Kristen Stewart and Jesse Eisenberg are Delightful, Real-Life Human Beings
Kristen Stewart and Jesse Eisenberg — two very good actors whose talent we in the celebrity-driven culture like to ignore in favor of the “gossip” — are not always the most beloved people in Hollywood. That’s not their fault, as much as it is ours: They deliver thousands of words, and we have a tendency to cherry-pick the ones that deliver the most page views, because we are terrible people.
Nevertheless, the two together are an endless delight, as evidenced in Adventureland, in the gender-swapping fake interview they conducted the other day, and the latest Mike Ryan interview over on Uproxx.
Mr. Ryan is not one for the kind of “gotcha” questions that elicit the sort of quotes that make Internet headlines, so you have to read the entire interview to get a good feel for Eisenberg and Stewart together. My biggest takeaway, however, is that Eisenberg and Stewart are very good at humanizing themselves, if only people would listen.
Take this exchange, for instance, where Kristen Stewart takes issue with celebrity coverage on the Internet (Full Disclosure: We trade in celebrity coverage on the Internet):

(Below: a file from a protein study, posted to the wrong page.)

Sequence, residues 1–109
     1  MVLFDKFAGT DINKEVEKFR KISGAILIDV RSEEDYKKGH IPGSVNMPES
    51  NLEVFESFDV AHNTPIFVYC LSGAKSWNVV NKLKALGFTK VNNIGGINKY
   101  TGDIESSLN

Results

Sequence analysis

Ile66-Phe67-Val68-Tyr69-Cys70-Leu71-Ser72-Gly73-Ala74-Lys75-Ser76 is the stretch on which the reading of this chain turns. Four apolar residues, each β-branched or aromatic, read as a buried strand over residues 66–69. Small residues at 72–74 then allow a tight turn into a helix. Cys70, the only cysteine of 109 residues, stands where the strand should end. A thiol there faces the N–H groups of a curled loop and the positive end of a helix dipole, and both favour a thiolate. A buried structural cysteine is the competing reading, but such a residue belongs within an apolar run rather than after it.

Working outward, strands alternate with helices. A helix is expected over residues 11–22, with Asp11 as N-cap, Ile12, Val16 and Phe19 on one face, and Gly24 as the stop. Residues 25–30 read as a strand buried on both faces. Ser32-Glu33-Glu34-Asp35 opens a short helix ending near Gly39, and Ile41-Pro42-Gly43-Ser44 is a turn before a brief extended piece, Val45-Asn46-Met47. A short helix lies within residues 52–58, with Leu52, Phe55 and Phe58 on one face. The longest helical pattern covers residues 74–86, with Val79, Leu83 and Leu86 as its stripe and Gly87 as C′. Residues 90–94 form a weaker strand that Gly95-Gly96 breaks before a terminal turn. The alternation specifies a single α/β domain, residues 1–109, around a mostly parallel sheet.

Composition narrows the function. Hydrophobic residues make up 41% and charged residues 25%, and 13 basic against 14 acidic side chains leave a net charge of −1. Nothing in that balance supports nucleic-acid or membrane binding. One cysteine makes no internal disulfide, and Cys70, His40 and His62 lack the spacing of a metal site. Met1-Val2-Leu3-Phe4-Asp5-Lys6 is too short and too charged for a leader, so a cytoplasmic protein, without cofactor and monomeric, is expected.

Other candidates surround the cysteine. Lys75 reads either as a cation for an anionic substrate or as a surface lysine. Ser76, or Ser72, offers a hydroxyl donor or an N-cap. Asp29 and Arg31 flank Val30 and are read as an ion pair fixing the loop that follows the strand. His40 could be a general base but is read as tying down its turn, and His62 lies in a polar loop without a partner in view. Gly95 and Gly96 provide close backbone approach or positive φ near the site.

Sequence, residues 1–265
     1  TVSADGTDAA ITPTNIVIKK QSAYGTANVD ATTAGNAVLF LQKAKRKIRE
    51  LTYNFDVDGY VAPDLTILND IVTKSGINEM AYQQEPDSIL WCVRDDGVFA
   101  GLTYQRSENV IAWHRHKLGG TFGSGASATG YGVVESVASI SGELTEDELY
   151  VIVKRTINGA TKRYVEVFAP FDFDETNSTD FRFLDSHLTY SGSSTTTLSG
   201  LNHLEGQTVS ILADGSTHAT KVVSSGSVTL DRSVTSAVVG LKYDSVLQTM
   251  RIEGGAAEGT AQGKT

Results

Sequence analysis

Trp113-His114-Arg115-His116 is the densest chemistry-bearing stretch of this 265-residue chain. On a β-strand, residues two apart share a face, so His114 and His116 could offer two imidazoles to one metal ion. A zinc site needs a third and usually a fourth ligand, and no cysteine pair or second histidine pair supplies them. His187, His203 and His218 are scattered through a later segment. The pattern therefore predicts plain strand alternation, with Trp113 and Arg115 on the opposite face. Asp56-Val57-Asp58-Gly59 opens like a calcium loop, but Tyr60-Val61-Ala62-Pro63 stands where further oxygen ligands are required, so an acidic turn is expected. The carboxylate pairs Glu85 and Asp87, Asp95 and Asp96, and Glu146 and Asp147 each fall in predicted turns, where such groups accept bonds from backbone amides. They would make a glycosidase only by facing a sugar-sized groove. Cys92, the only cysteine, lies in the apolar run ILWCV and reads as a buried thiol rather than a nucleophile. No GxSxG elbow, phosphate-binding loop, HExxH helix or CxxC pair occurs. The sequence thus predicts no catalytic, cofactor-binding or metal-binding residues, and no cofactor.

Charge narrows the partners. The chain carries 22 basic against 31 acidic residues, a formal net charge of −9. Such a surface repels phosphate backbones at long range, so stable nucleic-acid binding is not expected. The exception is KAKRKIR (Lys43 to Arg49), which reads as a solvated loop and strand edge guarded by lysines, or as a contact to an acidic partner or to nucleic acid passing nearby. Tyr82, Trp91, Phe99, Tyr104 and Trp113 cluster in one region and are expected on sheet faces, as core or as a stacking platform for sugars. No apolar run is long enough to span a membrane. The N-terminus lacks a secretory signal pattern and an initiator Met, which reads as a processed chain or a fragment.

I love how people like to make statements as if they’re feigning true passion, when really they’re just using you opportunistically to get hits on their website. And I’m like, oh, cool, so you pretend like you care about something where you don’t have a thought - you don’t even have a fucking thought about any of it. It’s literally just, “She said one word? Enter it. Fucking harpoon her.”
You mean, like, when Jesse Eisenberg compared Comic Con to genocide?
Eisenberg: Right. But if you let that kind of stuff govern your decisions, you’d probably never leave the house, let alone act in a thing. So you can’t. It hurts my feelings terribly, but I guess not enough.
We’re the worst.
Stewart: Twilight is so huge. Do you know what I mean? Because Twilight infiltrated everyone’s [perception]. I think if you walked into a grocery store and asked somebody if they saw Clouds of Sils Maria or Twilight, they’d probably be like, “Twilight, and she’s a terrible fucking actress.”
Eisenberg: I think if you’re in a really popular thing, it gives people license to criticize you. Not because of the thing for which they are criticizing you, which is not being good for whatever the person is doing in the thing. But just by virtue of that thing being very successful and it’s human instinct to take down that what is successful.
Stewart: It’s just instinct, exactly.
Eisenberg: Any criticism of something in that is usually separate from what the criticism is.
Stewart: I also feel that anything overtly popular in the United States feels entirely owned by the public, therefore if they don’t deem it worthy, then they’re like, “We put you here. And if you do not bend over and give us absolutely everything we want, then we need to let you know.” They become vindictive. They’re like, “Excuse me…”
Don’t mind us. We’re just going to go over here and self-flagellate while you guys read the rest of Ryan’s interview.